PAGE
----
Even after playing for a while, I still find some aspects of the controls a bit clunky. The game relies a lot on double tapping in different directions with the analog stick to perform moves. Blocking is performed by quickly flicking the analog stick down and up, and can feel a bit unintuitive.
Many suits have charged moves that require holding a button down. This gets awkward when a suit has a ranged attack that is performed by holding the melee button down.
Once Maxi Boost ON clicks, you’ll find an extremely deep and awesome fighting game experience. Battles are fast and intense, involving lots of flashy melee combos and ridiculous ranged weapons Gundam fans have come to expect from the newer installments in the franchise.
A lot of this depth comes from the sheer amount of mobile suits in the game. There are 183 in total; each with their own unique playstyles, sets of weapons, and attacks. Some suits are extremely easy to pilot, making them perfect for newbies. Meanwhile, others can be ridiculously complex, with multiple modes that result in several pages of combo and weapon lists.
There are ranged mobile suits, melee mobile suits, and everything in-between. Mobile suits come in four cost levels: 1500, 2000, 2500, and 3000. In Maxi Boost ON‘s standard mode, both sides have a force gauge of 6000 points. When a suit is destroyed, its cost is deducted from that team’s force gauge before the player respawns.
Generally speaking, the more expensive the mobile suit, the more raw power and health it comes with by default. At the 1500 point level you’ll typically see things like Zaku IIs, Acguys, or Gundam-type mobile suits piloted by rookies, such as Chris in the Gundam Alex, or Marbet in the Victory Gundam Hexa.
At the 3000 point level you’ll see a lot of the fancy stuff, like most of the Gundams from Gundam Wing, many of the Gundams in the second season of Gundam 00 and its movie sequel, the Nu Gundam, Unicorn Gundam, and so on.
Many of the newbie friendly suits sit in the 2000 and 2500 point brackets. The 1500 point suits tend to have the highest learning curve, which makes a degree of sense. After all, most of the mobile suits in this bracket are mass production units, or simply outdated and outclassed by newer models.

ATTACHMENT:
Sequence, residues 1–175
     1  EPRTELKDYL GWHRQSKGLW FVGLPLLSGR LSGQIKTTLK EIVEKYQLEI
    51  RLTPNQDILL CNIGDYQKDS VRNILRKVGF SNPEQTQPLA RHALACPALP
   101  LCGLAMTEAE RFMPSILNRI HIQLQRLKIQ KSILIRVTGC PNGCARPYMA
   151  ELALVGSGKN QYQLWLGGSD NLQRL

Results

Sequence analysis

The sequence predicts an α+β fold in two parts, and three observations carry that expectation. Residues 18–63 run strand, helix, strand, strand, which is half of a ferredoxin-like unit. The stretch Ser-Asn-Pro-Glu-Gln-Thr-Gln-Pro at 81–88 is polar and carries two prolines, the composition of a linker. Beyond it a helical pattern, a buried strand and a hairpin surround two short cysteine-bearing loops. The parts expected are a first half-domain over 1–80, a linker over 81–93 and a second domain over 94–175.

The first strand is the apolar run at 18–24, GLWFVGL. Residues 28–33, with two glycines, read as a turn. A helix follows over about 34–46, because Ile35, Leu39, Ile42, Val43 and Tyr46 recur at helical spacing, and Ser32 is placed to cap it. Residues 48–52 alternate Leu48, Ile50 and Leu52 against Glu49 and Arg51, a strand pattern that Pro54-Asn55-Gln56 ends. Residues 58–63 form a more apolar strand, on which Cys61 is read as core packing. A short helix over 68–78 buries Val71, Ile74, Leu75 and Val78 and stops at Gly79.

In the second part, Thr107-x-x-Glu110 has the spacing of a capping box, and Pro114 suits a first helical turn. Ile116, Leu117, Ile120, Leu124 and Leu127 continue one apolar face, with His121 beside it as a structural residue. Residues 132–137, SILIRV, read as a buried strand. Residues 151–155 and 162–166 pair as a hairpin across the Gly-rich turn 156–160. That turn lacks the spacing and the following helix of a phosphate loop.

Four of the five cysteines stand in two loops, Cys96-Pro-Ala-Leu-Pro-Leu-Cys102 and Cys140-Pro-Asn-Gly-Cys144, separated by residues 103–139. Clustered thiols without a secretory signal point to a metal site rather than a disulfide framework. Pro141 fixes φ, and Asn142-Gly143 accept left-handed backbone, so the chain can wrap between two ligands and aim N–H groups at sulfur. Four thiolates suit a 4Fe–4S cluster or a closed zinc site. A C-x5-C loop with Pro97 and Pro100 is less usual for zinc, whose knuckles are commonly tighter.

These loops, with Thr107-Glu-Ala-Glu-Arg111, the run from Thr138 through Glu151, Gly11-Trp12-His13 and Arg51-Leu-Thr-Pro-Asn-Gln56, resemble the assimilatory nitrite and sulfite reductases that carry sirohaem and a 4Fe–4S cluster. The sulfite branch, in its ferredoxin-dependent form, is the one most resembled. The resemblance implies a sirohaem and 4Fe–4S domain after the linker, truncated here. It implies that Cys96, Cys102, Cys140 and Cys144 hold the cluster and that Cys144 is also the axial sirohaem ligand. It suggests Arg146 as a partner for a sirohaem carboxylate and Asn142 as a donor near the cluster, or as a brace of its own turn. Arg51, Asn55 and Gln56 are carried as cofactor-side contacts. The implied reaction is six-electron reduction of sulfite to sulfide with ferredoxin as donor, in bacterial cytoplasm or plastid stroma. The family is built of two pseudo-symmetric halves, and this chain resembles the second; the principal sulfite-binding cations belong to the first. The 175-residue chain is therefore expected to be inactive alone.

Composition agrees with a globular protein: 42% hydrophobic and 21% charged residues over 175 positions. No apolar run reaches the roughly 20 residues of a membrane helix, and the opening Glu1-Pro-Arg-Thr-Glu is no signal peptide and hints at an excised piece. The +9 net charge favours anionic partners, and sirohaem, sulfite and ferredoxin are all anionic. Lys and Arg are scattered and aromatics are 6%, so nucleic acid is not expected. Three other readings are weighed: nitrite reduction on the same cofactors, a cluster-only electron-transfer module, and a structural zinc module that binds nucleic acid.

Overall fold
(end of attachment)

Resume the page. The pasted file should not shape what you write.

The 1500 point mobile suits normally rely on a lot of gimmicks and unconventional tricks, allowing you to live out your fantasies of taking on advanced Gundam-type suits in a lowly Zaku like in Bernie’s battle with Chris in the final episode of 0080, or when Norris took on the entire 8th MS Team and a squad of Guntanks in his Gouf Custom.
There is a fair amount of depth and strategy when it comes to choosing your targets due to the Over Cost mechanic. If a high cost suit is destroyed and the team doesn’t have enough force points left, the suit will respawn in a much weaker state. This means that it’s often more strategically sound to bully the lower cost mobile suit, before focusing your fire on the higher cost one.
The stupidly large amount of playable mobile suits means that it’s hard to truly get bored with Maxi Boost ON. As a Gundam fanatic, I often find myself a bit paralyzed by the number of choices, because there are so many fan favorites to choose from. What’s more insane is that they managed to make so many of them feel very unique and different from one another.
Each mobile suit will typically have a main ranged attack, a main melee attack, a sub ranged attack, a special ranged attack, and a special melee attack. Many of these can be modified by holding buttons to charge attacks, or hitting different directions when using the weapon. For example, the Psycho Zaku’s standard ranged weapon is its machine gun, but holding the fire button allows you to use the beam bazooka.
Many suits will also have assist moves that summon friendly mobile suits to help them. Gato’s GPO2A can send out a Dom Tropen to charge your target with its heat saber. Alternatively, a different button combination brings in the Xamel to bombard your target with its massive 680mm gun. Not all of these are attacks either, as sometimes the assists involve summoning friendly mobile suits to shield you.